Most participating shelters reported that their engagement with the gardening activity has paid off in terms of nurturing their bodies and souls. However, the gardens mean different things to different groups. For instance, field visits to a boy’s shelter by CRC revealed that the children were observing bees, butterflies, ants and pests attracted to the plants. They learnt that the ants eat the pests which are attracted by the honey secreted by the flowers!

In other shelters for boys and girls, there was healthy competition among the children to see whose plant grew the best. The gardens have become a space of learning, physical activity, and social interaction for the kids.

We have created teams among the girls. Each of them has to take care of a plant and there is competition between them on whose plant grows better. When there are harvests, I put the money saved in a hundi, which I have set up for each girl.

-Gold Heart (Shelter for Girls)

Through this program the children get healthy vegetables and the children learn about the importance of plants.

-Arunodaya (Shelter for boys)

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From left to right: At this girls shelter, each girl is allotted a plant to take care of and the savings from the harvests are added to their individual ‘piggy banks’; At a girls shelter in North Madras. The children are each allotted plants to take care of.

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From left to right: Boys from a shelter in North Madras studying the butterflies attracted to their plants; Boys setting up a kitchen garden at a shelter in Kodingayur. Since the boys set up their garden, they’ve started to learn about the varied types of butterflies which come to their garden; Girls from a shelter in North Madras working together to set up their garden.

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In special shelters for residents with psycho-social problems, the garden is a space where they can calm down and engage in productive work together which improves their mental health and the general atmosphere in the shelter.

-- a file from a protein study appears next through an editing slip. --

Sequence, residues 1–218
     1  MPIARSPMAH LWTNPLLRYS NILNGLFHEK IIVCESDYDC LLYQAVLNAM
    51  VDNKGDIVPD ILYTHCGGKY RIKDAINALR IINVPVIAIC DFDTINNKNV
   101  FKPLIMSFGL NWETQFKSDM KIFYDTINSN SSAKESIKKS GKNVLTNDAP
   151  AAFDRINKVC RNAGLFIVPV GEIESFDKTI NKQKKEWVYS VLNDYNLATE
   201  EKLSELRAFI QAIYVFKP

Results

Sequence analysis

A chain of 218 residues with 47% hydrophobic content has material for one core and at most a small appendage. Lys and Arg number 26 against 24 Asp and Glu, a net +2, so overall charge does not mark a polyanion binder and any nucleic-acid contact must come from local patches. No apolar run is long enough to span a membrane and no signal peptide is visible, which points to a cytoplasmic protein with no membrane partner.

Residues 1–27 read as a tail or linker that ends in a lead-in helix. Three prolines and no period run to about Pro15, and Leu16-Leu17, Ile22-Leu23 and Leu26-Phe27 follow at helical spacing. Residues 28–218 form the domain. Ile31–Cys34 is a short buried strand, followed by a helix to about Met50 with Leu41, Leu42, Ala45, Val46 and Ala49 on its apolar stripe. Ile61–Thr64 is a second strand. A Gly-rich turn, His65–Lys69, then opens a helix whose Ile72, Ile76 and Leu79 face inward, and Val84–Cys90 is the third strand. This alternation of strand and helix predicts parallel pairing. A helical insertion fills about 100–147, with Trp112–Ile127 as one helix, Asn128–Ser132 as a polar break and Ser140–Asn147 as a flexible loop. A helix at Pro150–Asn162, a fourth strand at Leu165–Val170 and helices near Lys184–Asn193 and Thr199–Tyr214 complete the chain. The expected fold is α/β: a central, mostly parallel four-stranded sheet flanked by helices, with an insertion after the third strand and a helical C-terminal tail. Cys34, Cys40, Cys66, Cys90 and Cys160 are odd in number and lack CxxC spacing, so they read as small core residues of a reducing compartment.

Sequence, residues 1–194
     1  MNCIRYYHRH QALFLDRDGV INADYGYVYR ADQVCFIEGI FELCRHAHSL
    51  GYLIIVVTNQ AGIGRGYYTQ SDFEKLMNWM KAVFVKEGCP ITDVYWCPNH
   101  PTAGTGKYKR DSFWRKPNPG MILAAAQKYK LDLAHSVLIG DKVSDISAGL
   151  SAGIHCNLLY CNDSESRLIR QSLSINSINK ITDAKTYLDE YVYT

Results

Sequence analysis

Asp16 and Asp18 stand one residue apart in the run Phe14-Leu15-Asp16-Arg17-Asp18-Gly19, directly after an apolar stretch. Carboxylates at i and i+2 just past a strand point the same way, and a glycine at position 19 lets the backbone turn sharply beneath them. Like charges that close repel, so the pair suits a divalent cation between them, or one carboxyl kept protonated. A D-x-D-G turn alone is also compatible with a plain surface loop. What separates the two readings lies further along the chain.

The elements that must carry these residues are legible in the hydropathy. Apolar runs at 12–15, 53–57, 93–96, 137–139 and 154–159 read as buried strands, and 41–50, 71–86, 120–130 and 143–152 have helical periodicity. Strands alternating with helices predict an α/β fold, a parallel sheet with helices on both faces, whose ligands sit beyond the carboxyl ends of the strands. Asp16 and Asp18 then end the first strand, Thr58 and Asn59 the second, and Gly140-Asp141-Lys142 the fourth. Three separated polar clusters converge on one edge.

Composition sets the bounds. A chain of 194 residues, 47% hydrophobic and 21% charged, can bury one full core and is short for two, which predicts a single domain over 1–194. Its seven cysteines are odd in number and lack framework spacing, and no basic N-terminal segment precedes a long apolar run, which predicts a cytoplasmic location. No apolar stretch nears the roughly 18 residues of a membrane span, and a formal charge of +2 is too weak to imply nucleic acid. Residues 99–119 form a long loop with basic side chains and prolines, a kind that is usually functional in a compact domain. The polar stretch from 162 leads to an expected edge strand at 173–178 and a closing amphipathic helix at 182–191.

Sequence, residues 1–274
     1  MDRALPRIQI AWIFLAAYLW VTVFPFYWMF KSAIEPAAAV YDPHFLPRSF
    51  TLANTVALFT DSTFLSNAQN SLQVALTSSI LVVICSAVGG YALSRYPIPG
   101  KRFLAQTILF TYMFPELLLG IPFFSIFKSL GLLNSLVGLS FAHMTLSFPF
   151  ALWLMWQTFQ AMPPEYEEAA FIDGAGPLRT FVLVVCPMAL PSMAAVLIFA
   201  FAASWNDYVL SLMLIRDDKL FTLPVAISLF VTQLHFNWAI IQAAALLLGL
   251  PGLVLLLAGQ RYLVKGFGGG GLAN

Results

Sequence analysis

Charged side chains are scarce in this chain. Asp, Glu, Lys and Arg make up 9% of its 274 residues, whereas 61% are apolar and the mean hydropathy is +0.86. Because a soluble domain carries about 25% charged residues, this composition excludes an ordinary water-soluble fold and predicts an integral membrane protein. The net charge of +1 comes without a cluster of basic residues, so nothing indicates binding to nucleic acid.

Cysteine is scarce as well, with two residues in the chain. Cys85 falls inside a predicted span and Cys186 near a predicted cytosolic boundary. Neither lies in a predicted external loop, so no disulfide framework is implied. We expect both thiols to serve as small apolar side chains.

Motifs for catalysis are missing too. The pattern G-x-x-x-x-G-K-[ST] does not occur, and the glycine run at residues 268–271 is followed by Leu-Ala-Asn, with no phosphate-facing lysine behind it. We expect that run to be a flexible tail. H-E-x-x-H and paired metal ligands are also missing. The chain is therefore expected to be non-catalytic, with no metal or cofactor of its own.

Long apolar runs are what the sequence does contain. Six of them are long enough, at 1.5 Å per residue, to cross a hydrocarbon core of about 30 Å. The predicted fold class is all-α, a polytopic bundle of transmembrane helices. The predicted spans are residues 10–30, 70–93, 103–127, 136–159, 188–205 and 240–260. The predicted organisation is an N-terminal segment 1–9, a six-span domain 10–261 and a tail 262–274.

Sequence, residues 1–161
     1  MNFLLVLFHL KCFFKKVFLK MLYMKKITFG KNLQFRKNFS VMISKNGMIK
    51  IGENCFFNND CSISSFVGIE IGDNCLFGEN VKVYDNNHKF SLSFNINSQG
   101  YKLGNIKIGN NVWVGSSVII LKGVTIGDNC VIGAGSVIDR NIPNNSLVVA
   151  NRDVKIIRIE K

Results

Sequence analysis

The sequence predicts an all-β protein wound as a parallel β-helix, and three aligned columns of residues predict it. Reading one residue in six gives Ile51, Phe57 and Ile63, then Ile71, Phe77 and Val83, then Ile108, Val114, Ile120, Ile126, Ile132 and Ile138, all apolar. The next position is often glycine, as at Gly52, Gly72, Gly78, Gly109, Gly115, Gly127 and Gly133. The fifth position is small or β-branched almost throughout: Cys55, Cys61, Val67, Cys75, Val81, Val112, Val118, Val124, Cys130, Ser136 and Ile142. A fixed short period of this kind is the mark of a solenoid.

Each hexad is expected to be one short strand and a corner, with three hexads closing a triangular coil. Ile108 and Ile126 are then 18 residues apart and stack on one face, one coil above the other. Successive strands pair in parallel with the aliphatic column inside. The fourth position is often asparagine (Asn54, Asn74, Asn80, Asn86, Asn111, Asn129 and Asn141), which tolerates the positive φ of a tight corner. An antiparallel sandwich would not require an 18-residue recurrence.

From left to right: A resident of a shelter for men with psycho-social needs proudly displaying the harvests from the plants he tended; A resident of a shelter for men with psycho-social needs attending to the plants

Gardening has also helped the homeless and the jobless manage their stress in the pandemic. As spaces of gathering and social interaction, beneficiaries have found solace in spending time participating in garden-related activities. Many women beneficiaries feel that growing their own food has boosted their confidence.

it has improved our self-confidence and we do everything (related to the gardening) ourselves

-Rehoboth (shelter for women)

After a tiring day, staff are feeling relaxed when it comes to gardening.

-Arunodaya (Shelter for boys)

It helps to distract the residents from addictions that they have, remove stress, and remove physical tiredness. They feel refreshed doing gardening together. Corona-related lockdown and job losses has caused a lot of stress for the residents. Gardening has allowed them to improve their emotional and physical health

-VEWCRS (Shelter for Men in Madhavaram)

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Clockwise: Residents of a shelter for elderly men and women sorting through the contents of the garden kit while chitchatting; Residents of a men’s shelter for psycho-social needs actively involved in setting up the garden. Gardening seems to be having a positive impact on their mental health; A resident sowing seeds at a men’s shelter for those with psycho-social needs.

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Clockwise from top:  Residents of a women’s shelter in North Madras setting up their kitchen garden; Residents of a shelter for transgenders in central Chennai sorting through the garden kits and setting up their garden; Gardening is a relaxing and a social activity that the men and women seem to enjoy, especially during the pandemic; Male residents at a shelter in North Madras tending to their garden; Residents of an elderly men's shelter in North Madras picking vegetables for their meal; Residents at an elderly men’s shelter in North Madras gathering vegetables and greens for their meal

Looking Forward

Over the next few months, the CRC will supply mobile vegetable garden kits to more shelters, and continue supporting shelters that have successfully used the garden kits in the first phase of the programme and are interested in adding more plants to their gardens. 

In addition, the CRC plans to set up  a few model farms using the mobile vegetable garden kits in selected shelters to show how these urban farms can positively contribute to public health and environmental sustainability. The long-term vision is to create alternative livelihood opportunities for the vulnerable by training them in organic gardening/farming and ancillary activities like food processing and marketing among others.

Dr. Parama is a Lead Researcher at Okapi Research & Advisory and Adjunct Faculty at IIT-Madras (Chennai, India). She is also the Research Impact Lead for the UPAGrI project. She has a PhD in Human Geography from University of Wisconsin-Milwaukee. Her research on urban transformations through community-based greening/gardening and collaborative planning processes has been published in international peer reviewed journals like Urban Affairs Review, City, and Geoforum.

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A Unit of Care Earth Trust.

 

Supported by Adrienne Arsht-Rockefeller Foundation Resilience Center & Resilient Cities Network